Sunday, March 27 @ 4:00pm  |  Brattle Theatre

2016 | USA | 84 minutes
Directors: Robert G. Putka
Screenwriters: Robert G. Putka

Cast: Jennifer Lafleur, Eilis Cahill, Maryann Plunkett

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When recently-divorced matriarch Mel (Maryann Plunkett) is admitted to the hospital after a nervous breakdown, daughters Connie (Jennifer LaFleur) and Casey (Eilis Cahill) roll their eyes with abject annoyance. Type-A Connie and aimless Casey have their own lives. And dealing with mom’s mental illness may just reveal their complete inability to take responsibility for their own issues. Issues that include complicity in white collar crime and cam girl self-denial, respectively.

During the Cold War, MAD referred to mutually-assured destruction—the threat of two or more opposing parties’ warring tendencies to end not with a winner, but complete and total annihilation. Here the term is deftly applied to the nuclear family, as mother and sisters arm themselves with bitter barbs and stubborn isolationism to further erode an already fractious relationship.

Connie, a type-A matriarch and working mother, believes herself to be the only one in the family with her shit in order; aimless, apathetic Casey has only recently graduated into the world of adulthood and looks for ways to get by and find connection, mostly via webcam. While Mel contends with group therapy and communes with fellow patients even more unstable than she, Connie’s life begins to unravel as a white lie is supplanted by white collar crime.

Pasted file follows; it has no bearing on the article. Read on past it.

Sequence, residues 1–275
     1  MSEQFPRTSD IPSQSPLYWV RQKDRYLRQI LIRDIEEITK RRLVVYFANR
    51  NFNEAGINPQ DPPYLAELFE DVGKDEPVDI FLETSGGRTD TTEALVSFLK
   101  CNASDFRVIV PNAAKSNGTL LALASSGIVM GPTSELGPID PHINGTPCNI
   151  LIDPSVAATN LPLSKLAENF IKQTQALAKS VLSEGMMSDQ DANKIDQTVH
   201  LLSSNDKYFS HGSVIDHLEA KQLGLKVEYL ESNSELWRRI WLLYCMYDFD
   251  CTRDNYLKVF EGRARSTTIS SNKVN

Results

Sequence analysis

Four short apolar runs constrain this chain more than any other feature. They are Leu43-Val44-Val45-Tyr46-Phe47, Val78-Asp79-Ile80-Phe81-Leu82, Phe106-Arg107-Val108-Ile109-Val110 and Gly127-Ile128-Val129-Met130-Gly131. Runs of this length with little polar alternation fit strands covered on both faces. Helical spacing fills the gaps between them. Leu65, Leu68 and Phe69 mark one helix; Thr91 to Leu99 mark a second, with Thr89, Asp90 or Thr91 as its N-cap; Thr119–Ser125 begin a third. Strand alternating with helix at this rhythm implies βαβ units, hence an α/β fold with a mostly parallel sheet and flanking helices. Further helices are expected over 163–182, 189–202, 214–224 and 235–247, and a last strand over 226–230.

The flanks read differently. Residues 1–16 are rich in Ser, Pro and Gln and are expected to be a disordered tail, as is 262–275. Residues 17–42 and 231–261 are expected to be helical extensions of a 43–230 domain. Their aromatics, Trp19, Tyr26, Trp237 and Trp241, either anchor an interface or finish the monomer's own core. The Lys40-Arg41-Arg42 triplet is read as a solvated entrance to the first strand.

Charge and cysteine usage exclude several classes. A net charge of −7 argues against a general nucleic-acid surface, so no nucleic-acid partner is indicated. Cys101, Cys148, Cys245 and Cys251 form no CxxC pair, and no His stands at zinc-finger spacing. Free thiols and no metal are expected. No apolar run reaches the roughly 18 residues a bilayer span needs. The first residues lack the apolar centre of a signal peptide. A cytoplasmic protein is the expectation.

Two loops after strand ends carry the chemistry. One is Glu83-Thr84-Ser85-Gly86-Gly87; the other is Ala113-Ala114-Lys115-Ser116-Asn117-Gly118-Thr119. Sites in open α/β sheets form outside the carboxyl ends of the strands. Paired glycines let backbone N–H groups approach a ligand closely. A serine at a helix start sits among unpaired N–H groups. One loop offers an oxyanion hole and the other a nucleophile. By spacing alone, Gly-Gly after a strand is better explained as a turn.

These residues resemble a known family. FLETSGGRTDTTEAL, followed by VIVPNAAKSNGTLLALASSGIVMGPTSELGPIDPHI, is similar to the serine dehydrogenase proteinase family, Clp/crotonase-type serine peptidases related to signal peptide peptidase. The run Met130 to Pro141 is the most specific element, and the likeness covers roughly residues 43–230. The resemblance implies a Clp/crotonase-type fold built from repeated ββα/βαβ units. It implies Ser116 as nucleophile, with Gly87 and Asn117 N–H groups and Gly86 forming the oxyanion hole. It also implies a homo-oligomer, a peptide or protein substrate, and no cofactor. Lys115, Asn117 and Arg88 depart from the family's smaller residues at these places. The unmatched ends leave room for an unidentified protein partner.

Writer-director Robert G. Putka draws from his own volatile relationship with his mother, as well as the sense of purposelessness one feels when you’re not moving forward with your life. And as Mel’s psych ward friendship with Jerry (standout Mark Reeb) reminds us—maybe we’re all just fuckups desperately trying to keep it together.

Family dysfunction is a slow-growing tumor that festers with every passive aggressive attack on one’s life choices, or thinly-veiled barb referencing a long-past transgression. There’s never just one thing. Don’t expect specifics as to exactly how the relationship between these three women became so fractured. None of it matters. More than anything, MAD is an often abrasive, sad, and laugh-out-loud allegory of how ruminative self-hatred can paralyze completely, and transform us into unrelenting assholes to those who love us most.

Melinda Green


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